Babri Masjid: The story of crime # 197/1992

Lucknow: The 20th anniversary of Babri Masjid demolition is approaching, and there is a dearth of exact information as to how the cases pertaining to demolition have fared during these two decades. The focus of this piece is to reconcile the legal progress in the concerned issue. For record’s sake, it may be stated that the Babri Masjid demolition case stems from two cases: Crime No. 197/1992 and Crime No 198/1992. This piece is to get out the various nitty-gritty of the first case. To begin with, on the day of demolition of Babri Masjid, on Dec 6, 1992, a First Information Report (FIR)-197/1992 was lodged at 5:15 pm by Privambada Nath Shukla (50 years), Station Officer at Police Station (PS), Ramjanum Bhumi, Ayodhya, against lakhs of Karsevaks - names and addresses unknown - Under Section (U/S) 395 (dacoity), 397(dacoity or robbery with attempt to cause death), 332 (causing hurt to deter public servants), 337, 338 (grievous hurt), 295 (injuring or defiling a place of worship with intent to insult religion of any class, 297 (trespass in any place of worship) and 153-A of Indian Penal Code (IPC), which makes promoting enmity between different groups inter alia of religion, read with Section 7 Criminal Law Amendment Act. This eventually led to 49 FIRs being filed against 49 persons with respect to cognizable offences and one FIR relating to non-cognizable offence committed against mediapersons who were recording the demolition of the Babri Masjid and whose video cameras etc were snatched and broken/robbed by the Karsevaks.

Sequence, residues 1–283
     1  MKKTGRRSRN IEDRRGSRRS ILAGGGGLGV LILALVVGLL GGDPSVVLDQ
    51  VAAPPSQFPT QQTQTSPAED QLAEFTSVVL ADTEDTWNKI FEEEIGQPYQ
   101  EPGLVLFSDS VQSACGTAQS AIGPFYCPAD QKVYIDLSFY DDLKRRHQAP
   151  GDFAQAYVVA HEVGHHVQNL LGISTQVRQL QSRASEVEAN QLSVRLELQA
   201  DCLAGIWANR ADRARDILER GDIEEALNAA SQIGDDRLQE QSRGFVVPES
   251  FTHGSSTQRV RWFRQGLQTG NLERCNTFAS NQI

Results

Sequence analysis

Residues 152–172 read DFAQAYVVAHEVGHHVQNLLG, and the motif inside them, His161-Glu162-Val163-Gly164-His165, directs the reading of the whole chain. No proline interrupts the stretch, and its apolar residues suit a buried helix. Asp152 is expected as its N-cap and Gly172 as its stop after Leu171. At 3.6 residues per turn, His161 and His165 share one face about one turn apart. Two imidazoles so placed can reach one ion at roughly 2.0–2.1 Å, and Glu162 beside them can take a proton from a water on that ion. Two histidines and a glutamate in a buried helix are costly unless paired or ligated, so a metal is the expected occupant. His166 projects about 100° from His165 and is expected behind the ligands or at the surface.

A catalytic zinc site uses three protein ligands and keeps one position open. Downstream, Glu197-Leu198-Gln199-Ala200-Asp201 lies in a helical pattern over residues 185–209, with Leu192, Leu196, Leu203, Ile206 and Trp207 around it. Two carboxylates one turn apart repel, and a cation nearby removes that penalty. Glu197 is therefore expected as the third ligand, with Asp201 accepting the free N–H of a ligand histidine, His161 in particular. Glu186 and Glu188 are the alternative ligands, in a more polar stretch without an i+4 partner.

On Dec 13, 1992, this case was entrusted for investigation to the Central Bureau of Investigation (CBI). Later Crime No. 198/1992 also was assigned to the CBI for investigation. Both the cases were obviously related, hence they were bunched together.

On Sept 8, 1993, the UP government, in consultation with the High Court, created a Special Court at Lucknow (also known as CBI Court), and on 9 Sept 1993, in consultation with HC, the state government referred Crime No. 197/1992 and 47 other cases to the Special Court headed by Additional Chief Judicial Magistrate (ACJM Ayodhya Prakaran) at Lucknow.

Now, since both the cases were under the ambit of CBI, hence it filed a consolidated chargesheet in Crime No. 198/1992, as well as against thirty-two others accused in Crime No. 197/1992 and in 47 other related cases.

By Aug 27, 1994, all the cases referred to above were committed by ACJM, Lucknow to the Lucknow Sessions Court. CBI also filed a supplementary chargesheet on Jan 11, 1996, in which it accused another nine persons who were later committed from ACJM, Lucknow to Lucknow Sessions Court on April 10, 1996. These nine persons were a part of the overall 49 accused. All this continued for yet another year and a half, until on Sep 9, 1997 ACJM Ayodhya Prakaran (Session Court), Lucknow charged the accused U/S 147, 153-A, 153-B, 295, 295-A, 505 read with 120-B (conspiracy) IPC. It would be interesting to note here that for the first time, in the history of the case, the conspiracy charge was leveled.